Stable interest rates ease inflation concerns

We’re all worried about inflation pushing up the cost of living.

Today the Bank of England helped to stabilise the economy by keeping its base rate of interest at 5.0 per cent, helping to ease those concerns about rising costs.

Some are suggesting that the next base rate cut won’t be until June, and that there may be further cuts towards early 2009.

So with base rates being held this month, has anything really changed?

For those estimated 1.4 million people on very cheap fixed rate mortgage deals who are due to finish their introductory period this year, the stable base rate will hit hard. talks you through the options.

I’m a homeowner

A steady base rate of 5.0 per cent means no change for those on tracker or standard variable rate mortgages.

However, for those on fixed rate deals, who are coming to the end of their deal, you should consider the possibility that your next mortgage will cost you significantly more.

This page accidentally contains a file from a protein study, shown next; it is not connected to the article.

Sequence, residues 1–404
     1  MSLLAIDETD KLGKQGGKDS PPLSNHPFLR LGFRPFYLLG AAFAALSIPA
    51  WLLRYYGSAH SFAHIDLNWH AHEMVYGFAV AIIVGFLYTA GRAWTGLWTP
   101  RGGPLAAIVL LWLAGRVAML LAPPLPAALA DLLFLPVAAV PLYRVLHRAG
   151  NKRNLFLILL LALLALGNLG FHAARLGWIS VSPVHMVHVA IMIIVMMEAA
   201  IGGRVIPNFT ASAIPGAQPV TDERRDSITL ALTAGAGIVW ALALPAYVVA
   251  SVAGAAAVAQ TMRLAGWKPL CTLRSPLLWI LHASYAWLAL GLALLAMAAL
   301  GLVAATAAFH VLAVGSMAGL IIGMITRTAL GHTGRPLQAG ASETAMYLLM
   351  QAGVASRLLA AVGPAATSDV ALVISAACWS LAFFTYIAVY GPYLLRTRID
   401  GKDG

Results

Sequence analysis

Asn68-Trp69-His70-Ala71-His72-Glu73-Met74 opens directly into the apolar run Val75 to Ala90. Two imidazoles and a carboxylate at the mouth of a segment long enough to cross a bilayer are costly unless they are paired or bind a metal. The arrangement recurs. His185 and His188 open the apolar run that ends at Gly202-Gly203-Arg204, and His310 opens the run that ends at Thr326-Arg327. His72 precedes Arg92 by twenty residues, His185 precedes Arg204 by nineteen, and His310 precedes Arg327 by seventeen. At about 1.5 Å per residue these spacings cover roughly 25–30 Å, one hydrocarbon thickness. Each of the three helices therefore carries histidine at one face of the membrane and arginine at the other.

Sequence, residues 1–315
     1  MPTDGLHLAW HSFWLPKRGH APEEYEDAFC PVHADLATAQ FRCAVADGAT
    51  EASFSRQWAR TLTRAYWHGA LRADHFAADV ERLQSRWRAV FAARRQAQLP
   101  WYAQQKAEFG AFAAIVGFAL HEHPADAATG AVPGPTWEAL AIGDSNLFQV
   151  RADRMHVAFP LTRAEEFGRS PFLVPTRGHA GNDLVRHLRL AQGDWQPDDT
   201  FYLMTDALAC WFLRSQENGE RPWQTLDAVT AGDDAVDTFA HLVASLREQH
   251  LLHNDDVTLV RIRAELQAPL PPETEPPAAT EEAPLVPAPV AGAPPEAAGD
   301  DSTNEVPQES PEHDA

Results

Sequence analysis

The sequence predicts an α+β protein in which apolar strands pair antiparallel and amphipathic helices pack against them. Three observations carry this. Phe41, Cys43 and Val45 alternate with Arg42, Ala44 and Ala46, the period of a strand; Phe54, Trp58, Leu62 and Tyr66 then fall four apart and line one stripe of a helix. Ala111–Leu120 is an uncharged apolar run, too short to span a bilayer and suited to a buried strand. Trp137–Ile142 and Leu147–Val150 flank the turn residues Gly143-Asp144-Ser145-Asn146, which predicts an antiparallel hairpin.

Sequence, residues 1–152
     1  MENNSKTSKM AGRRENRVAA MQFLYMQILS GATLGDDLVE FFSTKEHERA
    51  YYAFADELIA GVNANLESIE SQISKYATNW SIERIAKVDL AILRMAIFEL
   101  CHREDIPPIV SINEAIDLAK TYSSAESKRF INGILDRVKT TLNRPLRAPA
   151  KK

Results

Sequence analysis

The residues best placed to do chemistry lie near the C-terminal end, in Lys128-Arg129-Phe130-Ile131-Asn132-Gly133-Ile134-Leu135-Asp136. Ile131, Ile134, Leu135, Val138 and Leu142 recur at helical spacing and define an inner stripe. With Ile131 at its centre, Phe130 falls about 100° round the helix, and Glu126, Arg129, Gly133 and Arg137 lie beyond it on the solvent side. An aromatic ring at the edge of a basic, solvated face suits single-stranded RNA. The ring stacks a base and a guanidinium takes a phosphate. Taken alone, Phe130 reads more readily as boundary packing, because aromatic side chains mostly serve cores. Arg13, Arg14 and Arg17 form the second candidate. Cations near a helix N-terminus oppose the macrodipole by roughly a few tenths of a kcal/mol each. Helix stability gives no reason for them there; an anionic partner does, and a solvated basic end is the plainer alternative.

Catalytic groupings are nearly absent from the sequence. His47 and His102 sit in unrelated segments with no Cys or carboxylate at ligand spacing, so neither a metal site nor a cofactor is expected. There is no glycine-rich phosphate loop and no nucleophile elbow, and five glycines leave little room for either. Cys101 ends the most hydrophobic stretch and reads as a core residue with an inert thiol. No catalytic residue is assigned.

If this sounds familiar and you’d like to shop around for a decent deal, click here to compare mortgages.

I’m a saver

Rates are high, at the highest they’ve been for 7 years – and for another month they’ll stay high.

The Credit Crunch also means that the banks and building societies need cash and so the saving marketplace has become very competitive with a host of high-interest savings accounts.

If you have any spare cash then ensure you put it where it can grow, that means in an ISA or high interest savings account, the last place you want to leave it is in your current account.

Online access makes switching easy and the internet saver accounts often offer some of the best deals. It’s definitely worth spending a few minutes shopping around online to see if you can benefit. Click here to find the best savings rates around.

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